While the Central Goldfields has so far escaped the brunt of the country’s recycling crisis, Victoria’s recycling industry could be in for a major overhaul with the release of a report into the state’s recycling system last month.
Preliminary findings in Infrastructure Victoria’s Recycling and Resource Recovery Infrastructure report could potentially see Victorians sorting their rubbish into at least five separate crates.
The report has found Victoria’s current co-mingled system does not produce sufficiently clean streams to support end markets for recycled materials and is unable to keep up with the state’s growing waste generation.
According to the report, waste generation in Victoria has increased from 7.4 million tonnes in 2000 to 13.4 million tonnes in 2017-18 and 63 percent of all municipal solid waste (waste generated from households) was disposed to landfill during that 2017-18 period.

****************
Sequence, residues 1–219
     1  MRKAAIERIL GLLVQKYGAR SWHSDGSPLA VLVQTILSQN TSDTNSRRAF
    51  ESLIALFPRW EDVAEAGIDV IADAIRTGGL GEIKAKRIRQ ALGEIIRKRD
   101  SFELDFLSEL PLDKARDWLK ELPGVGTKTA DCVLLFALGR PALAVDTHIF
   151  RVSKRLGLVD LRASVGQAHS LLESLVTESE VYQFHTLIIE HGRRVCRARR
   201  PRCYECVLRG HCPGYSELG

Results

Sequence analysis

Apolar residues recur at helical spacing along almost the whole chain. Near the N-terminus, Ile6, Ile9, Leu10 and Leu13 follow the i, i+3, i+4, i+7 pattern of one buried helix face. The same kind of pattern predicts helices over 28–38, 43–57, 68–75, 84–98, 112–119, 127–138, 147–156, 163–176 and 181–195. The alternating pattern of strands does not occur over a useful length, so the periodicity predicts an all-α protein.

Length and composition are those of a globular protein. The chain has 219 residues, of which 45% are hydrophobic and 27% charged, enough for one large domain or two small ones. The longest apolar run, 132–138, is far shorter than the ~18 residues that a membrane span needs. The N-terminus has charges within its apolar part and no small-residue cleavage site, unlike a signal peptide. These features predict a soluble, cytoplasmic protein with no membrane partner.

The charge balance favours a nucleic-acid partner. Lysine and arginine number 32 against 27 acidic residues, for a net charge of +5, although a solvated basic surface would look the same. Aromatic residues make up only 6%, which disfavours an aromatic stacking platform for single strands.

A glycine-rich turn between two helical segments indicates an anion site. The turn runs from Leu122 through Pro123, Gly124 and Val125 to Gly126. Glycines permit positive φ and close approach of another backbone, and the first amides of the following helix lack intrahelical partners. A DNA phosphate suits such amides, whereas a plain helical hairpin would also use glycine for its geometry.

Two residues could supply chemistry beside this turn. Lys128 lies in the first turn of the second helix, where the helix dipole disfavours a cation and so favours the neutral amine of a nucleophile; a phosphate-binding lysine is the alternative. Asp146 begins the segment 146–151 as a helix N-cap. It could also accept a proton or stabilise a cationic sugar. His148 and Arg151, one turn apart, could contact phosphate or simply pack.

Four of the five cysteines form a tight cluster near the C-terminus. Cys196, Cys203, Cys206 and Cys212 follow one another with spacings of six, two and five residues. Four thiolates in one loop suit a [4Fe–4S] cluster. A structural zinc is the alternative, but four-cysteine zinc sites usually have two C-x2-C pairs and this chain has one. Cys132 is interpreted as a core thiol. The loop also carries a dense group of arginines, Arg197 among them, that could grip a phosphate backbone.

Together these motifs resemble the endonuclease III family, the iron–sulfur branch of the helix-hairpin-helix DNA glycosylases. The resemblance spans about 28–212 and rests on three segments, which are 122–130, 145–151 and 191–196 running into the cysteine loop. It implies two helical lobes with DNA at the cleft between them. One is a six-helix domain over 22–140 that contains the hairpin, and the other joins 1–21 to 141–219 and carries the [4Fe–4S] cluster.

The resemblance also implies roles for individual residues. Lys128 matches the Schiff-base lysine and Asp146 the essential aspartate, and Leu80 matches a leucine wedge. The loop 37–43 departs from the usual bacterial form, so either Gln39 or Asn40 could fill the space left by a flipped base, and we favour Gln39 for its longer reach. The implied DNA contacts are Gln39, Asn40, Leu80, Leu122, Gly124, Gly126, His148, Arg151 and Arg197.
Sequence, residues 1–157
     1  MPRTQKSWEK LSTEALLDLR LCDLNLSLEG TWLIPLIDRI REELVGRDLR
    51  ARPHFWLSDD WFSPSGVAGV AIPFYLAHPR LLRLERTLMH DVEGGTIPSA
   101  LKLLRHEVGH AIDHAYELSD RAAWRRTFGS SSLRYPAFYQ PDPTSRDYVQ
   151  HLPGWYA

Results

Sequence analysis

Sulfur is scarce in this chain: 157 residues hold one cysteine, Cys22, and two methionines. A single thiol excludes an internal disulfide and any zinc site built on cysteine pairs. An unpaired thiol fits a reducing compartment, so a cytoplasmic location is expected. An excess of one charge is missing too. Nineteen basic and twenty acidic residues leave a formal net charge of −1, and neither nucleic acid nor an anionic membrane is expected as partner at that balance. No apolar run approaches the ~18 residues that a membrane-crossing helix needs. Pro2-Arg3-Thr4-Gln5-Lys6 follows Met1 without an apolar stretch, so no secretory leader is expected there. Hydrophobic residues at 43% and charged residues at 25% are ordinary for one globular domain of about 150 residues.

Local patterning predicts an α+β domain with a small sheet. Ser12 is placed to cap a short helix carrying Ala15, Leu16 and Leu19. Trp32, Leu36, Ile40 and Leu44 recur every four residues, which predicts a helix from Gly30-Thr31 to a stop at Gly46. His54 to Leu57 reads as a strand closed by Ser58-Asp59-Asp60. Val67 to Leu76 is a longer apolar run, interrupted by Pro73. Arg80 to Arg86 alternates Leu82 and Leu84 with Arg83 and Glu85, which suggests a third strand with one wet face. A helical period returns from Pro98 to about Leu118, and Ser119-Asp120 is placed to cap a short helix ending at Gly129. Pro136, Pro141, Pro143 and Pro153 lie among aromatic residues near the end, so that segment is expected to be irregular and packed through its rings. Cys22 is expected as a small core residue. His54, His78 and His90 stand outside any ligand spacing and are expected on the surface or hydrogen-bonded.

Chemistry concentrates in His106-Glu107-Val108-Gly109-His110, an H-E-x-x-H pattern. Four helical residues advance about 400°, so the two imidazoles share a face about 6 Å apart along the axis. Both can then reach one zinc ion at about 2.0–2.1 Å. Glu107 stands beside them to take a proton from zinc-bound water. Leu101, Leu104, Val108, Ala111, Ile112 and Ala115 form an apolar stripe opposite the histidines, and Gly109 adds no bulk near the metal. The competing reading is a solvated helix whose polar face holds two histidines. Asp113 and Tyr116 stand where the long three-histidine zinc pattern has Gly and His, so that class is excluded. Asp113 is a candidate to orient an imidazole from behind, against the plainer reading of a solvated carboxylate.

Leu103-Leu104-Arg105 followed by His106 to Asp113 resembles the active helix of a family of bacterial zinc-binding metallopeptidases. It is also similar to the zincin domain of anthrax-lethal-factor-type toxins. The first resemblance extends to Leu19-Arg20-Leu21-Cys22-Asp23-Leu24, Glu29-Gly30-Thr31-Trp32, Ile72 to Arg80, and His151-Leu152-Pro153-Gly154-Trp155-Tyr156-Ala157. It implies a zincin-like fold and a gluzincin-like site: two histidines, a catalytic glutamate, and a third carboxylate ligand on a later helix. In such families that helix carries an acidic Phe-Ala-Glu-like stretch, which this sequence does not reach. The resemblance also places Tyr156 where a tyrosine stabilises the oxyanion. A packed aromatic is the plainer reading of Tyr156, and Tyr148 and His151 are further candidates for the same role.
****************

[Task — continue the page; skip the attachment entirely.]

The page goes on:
While the report stated there’s “no silver bullet” to improving recycling and resource recovery, it identified a number of key ways that could address the issue.
Currently, Victoria’s 79 local councils each have different recycling services and requirements.
The report found that differences between council approaches can lead to confusion and contamination of material streams and that a more consistent approach to sorting and collecting waste could be a solution.
However, Central Goldfields Shire chief administrator Noel Harvey said a one size fits all plan is not the right solution, particularly for rural areas.
“I don’t think rural municipalities’ needs are something that’s really been taken into account,” he said.
For more on this story see the Front Page of The Advertiser, Friday, November 8